Jeffrey Gage, senior vice president, CBRE Group, Naples
Jeffrey Gage has worked for commercial real estate brokerage and services firm CBRE Group since 1985, and spent many years in its Stamford, Conn. office. Today, he is a senior vice president and in charge of the company's Naples operation, which serves Southwest Florida. Throughout his career, Gage has negotiated sale or lease transactions involving in excess of 8.5 million square feet, deals that have also carried a market value of more than $2 billion.
What's the state of the Southwest Florida commercial real estate market from your perspective? How would you describe it at present?
There are a couple of interesting things we're noticing currently. CBRE specializes in connecting global capital to local markets, and what we're finding is that investors are looking increasingly for emerging markets like Southwest Florida, and it makes sense: Wages are growing, population is growing, and when you compare the region to the rest of Florida, the Southwest portion of the state has a lot of attractive attributes. For instance, the workforce here is growing by a little less than 4%. Well, in Connecticut, where I came from, the workforce is actually on the decline. Those are some of the fundamentals that attract global capital.
We're finding offshore or institutional investors who typically don't look to secondary or tertiary markets are now looking closer at Southwest Florida. And that's a big change: The region has traditionally been known primarily for leisure, but now there's a growing tech sector and a retail corporate presence that was never here before. Companies like Gartner, Arthrex, Chico's — they all attract capital from REITs and other large shops that want to invest and be part of the success.
Are there geographic areas within the submarket there that you believe are more robust than others?
Collier County has a smaller population than Lee County, so by the nature of that there's more volume in Lee County, what with companies like Gartner, which I mentioned, and Lee Health, both are growing a lot. Collier, however, contains more wealth and supports a higher wage, on average, and the demographics are, generally, stronger there. As a result we see spots of peak investment in Collier, because the numbers are higher.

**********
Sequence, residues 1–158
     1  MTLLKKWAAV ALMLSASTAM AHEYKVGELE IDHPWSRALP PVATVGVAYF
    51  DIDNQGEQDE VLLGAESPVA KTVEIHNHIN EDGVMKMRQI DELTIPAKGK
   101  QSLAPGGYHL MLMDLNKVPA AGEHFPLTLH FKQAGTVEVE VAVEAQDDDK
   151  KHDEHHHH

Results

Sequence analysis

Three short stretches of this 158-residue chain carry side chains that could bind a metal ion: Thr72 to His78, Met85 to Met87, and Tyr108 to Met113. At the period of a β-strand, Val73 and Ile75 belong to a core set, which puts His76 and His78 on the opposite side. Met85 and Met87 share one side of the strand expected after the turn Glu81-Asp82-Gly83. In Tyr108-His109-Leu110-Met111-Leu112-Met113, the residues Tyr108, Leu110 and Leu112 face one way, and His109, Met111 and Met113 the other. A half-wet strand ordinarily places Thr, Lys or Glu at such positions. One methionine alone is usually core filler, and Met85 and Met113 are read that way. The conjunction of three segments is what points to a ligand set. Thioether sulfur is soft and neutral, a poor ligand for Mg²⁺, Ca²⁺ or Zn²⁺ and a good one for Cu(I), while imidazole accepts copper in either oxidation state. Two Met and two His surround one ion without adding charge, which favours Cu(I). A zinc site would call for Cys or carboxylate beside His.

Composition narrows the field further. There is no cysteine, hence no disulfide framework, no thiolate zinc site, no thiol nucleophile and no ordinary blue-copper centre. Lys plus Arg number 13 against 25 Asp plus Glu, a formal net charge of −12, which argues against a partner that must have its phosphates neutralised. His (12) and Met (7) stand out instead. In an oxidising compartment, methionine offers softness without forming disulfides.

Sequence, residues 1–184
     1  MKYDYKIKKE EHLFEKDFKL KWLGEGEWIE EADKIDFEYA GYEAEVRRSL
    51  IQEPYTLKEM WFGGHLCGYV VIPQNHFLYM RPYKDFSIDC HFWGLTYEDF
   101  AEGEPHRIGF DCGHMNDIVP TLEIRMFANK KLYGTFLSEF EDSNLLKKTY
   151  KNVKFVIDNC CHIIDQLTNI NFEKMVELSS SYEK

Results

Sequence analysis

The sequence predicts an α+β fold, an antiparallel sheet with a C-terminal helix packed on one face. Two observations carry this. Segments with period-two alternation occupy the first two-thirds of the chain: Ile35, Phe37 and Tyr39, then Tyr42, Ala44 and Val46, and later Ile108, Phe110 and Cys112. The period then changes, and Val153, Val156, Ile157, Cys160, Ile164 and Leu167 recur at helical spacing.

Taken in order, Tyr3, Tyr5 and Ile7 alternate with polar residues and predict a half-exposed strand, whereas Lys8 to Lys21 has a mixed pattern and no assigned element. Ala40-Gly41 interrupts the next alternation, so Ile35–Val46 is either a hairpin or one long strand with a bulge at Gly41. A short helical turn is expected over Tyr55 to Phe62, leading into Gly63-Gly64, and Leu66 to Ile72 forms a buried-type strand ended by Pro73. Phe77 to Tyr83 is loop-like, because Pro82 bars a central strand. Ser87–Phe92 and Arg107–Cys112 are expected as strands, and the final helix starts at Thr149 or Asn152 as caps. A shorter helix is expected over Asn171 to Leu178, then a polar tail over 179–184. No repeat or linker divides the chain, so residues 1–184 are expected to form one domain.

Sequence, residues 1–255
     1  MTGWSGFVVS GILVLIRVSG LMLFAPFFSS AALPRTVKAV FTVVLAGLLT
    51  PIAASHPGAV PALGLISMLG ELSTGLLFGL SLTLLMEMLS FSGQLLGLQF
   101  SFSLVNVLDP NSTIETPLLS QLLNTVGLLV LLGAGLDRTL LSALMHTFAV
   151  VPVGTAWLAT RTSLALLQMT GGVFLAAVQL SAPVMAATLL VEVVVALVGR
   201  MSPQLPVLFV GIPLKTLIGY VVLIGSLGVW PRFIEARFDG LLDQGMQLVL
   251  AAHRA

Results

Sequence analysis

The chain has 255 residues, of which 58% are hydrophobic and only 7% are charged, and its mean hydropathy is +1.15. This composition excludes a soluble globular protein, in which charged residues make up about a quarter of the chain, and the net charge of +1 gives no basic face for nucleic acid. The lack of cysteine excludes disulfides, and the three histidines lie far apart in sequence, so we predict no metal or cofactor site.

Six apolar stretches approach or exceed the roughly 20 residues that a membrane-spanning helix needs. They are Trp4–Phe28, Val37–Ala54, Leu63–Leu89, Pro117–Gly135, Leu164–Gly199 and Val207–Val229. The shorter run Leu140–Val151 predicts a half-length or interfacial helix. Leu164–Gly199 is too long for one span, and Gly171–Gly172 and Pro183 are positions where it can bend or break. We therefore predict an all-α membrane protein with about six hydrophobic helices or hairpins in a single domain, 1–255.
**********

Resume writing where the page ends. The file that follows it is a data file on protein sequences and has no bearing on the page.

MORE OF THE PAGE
Are there sectors that are performing better than others in your mind?
Central business districts are always hot spots, and that's remained the case in Southwest Florida. In downtown Naples, for instance, we're seeing values in excess of $1,000 per square foot. From a pricing perspective, core markets tend to always perform better than more ancillary ones, but the truth is we're seeing good strong and steady growth everywhere throughout the region.
You just touched on it, but lets drill down a bit further. What about from a pure investment perspective? There's anecdotal evidence that cap rates have begun inching upward in 2018. Are you seeing that in Southwest Florida as well?
From an investment side, the trend is that prices are bumping up against replacement costs in many places. That means that pretty soon we'll likely see new construction among various sectors. For instance, if an office building costs, say, $200 per square foot to buy, and rents rise to a level that an investor could build a similar product for roughly the same amount, they'll come out of the ground with a new building to compete and try and steal tenants or attract new ones to the market.
But as of now, we're not seeing new development other than that being occupied by end users. Still, that's a good sign, because it means that big companies, especially, aren't finding existing space to meet their needs. So if that same company requires 100,000 square feet and there are no new existing blocks to meet that, then they have one of two choices: Build a new building or convince a developer to build it on their behalf. So build-to-suit projects are certainly being conceived, but there's no new speculative construction because the rental structure doesn't support that at the present.
Even there, though, the market will eventually morph because we're experiencing good, positive absorption across all sectors. Vacancy rates are down and there's virtually no new product, so sooner or later, new construction is the only alternative.
Southwest Florida is widely regarded as one of the hottest commercial real estate markets in the state, but in terms of new development, are you seeing evidence on the ground, or is a lot of the momentum still conceptual?
Especially on the office side, rents have not risen enough to a place to justify new construction. There are sites, however, that are entitled and ready to go. On the multifamily side, people are certainly turning to new construction to meet the overall housing need. Millenials and a lot of the composition of the workforce here are showing demand for apartment complexes with modern amenities. And we've had recent trades north of $200,000 a door, and one can certainly build a new complex for less than that, so we're seeing new construction competing with existing product.
What's your forecast for the Southwest Florida commercial real estate market for the balance of 2018, and why?
I think things are going to be very positive. Many investors who took considerable risk coming out of 2009 are cashing out, taking advantage of pent-up capital, reduced cap rates and values higher than they have even been, in many cases. And as I indicated before, we're bumping up against rents that justify new construction. With population and job growth maintaining a steady pace, none of the fundamentals today suggest anything but great things for Southwest Florida in the year ahead.